Travel During Pregnancy
Traveling usually does not have adverse effects on you or your baby during pregnancy. If you travel by car, be sure to wear the seat belt and your shoulder harness. On long trips, stop the car every hour or two, empty your bladder, have something to drink, and walk around for about ten minutes. This improves circulation, helps prevent swelling, and avoids other complications. If you are planning to travel by air, check with your airline. Some airlines will not allow you to fly after 36 weeks. Be sure to eat well and drink plenty of decaffeinated liquids when traveling. Avoid long trips near the end of pregnancy because your baby may decide to make his/her appearance early. Take a copy of your OB records with you if you have to travel late in pregnancy, if you are moving, or if you will be gone for a long time.
Travel After 34 Weeks
If you choose to travel after your 34th week of pregnancy and deliver at a different location than where you normally receive maternity care, your claim may be denied. You may have to pay the medical bill. Under the TRICARE program, delivery after 34 weeks gestation is considered an expected and normal event. It is not considered an emergency treatment, and repayment by TRICARE is not authorized. Generally, TRICARE or the U.S. Army will not reimburse you for expenses associated with non-emergency delivery. It is the responsibility of the patient. The clearance to travel you receive from your provider refers only to your medical ability to travel, and it is an opinion as to the effect travel may have on your pregnancy. The provider is not authorized to give approval for non-emergency treatment. There is no pre-approval to cover non-emergency delivery claims that occur while traveling.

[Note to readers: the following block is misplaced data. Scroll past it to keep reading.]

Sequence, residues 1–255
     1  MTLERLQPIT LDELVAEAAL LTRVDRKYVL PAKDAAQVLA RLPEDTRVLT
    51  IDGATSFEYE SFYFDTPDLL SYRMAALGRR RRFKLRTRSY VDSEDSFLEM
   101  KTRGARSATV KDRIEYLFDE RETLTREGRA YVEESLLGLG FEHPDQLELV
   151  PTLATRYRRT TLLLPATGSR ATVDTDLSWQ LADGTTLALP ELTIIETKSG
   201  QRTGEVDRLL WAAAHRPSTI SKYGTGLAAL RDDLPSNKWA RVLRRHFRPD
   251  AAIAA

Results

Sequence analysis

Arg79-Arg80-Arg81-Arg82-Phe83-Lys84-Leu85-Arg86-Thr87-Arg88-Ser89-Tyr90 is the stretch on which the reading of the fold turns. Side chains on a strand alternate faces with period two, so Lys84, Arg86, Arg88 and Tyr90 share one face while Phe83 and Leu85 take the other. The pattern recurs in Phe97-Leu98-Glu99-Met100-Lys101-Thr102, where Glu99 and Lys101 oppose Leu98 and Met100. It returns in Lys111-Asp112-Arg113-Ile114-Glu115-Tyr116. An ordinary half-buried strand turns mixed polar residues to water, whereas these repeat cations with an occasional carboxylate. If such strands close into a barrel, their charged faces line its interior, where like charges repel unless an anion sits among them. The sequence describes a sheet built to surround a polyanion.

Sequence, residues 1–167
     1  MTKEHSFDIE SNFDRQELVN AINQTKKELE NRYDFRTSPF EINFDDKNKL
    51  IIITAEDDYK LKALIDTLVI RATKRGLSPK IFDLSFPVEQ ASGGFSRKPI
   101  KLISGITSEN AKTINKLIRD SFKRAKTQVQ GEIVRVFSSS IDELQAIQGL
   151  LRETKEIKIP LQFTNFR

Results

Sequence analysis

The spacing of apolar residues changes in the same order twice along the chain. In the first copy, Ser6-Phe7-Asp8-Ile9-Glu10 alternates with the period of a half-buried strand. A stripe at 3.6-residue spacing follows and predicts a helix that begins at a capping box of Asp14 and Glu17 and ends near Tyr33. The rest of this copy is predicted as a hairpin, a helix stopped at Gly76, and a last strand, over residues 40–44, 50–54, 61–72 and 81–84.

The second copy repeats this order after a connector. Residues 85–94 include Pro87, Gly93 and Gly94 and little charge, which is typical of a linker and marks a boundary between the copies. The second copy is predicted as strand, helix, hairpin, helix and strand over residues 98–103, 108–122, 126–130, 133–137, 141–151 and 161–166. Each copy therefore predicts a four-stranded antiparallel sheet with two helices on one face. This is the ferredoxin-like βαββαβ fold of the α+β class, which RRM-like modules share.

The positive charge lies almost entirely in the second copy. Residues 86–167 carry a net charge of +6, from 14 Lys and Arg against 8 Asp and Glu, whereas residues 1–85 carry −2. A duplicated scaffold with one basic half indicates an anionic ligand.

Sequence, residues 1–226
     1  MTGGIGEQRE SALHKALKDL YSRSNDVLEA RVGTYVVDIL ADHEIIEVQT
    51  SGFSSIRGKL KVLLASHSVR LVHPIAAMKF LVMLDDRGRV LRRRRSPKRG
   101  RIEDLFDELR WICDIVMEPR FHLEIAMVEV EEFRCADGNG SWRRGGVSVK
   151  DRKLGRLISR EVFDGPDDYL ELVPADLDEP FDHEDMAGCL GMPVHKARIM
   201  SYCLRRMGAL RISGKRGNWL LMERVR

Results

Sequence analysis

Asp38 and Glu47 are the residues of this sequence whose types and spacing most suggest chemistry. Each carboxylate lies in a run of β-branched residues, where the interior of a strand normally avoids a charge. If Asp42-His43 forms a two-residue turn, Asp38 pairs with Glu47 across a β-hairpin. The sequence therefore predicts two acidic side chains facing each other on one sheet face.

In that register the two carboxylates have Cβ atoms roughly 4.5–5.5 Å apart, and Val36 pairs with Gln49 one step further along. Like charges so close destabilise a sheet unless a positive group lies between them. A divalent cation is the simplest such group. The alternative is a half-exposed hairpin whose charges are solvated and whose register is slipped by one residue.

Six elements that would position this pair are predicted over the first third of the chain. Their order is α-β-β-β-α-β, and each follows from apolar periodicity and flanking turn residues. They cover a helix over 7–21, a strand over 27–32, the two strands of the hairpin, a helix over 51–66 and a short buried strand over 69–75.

Inform your provider or the technician that you are or may be pregnant before being x-rayed. Be sure that you wear a lead apron that wraps completely around your abdomen.
Work, Exercise and Activity
Normal activity should be continued throughout your pregnancy unless you develop problems. If your pregnancy is going well and you wish to, you can work until the day you deliver. Be sure to inform your care provider of your type of work. Active-duty women must keep the Occupational Health appointment. Women who are not active duty but are concerned about on-the-job hazards may contact Occupational Health for an appointment.
Exercise is important throughout pregnancy. Walking, swimming, yoga, and stationary biking are some of the exercises that can be continued. Pregnancy is not the time to begin a new sport. However, if you are accustomed to participating in a sport, continue as long as you are comfortable and you and your baby are not in danger of accidental injury. Use the "Talk Test" to determine if you are working too hard – if you cannot carry on a simple conversation while exercising, you are working too hard and need to slow down.
Use Common Sense
If it hurts, don't do it. Regular exercise such as outdoor walking is recommended to help tone and strengthen your muscles for labor. It also helps to avoid excessive weight gain, to relieve stress, and to improve sleep. Avoid whirlpools, saunas, and prolonged sunbathing. During any exercise that causes you to become overheated, drink extra water so that you remain well hydrated. Use good body mechanics at all times. When doing household or work chores, be sure to lift objects properly to avoid strain on your back. Lifting should be limited to 25 pounds or less. Also, avoid sudden or exaggerated motions to prevent other muscle strains. Remember that your center of gravity changes as pregnancy progresses. This may increase your risk of falls.
page last modified on: 5/7/2013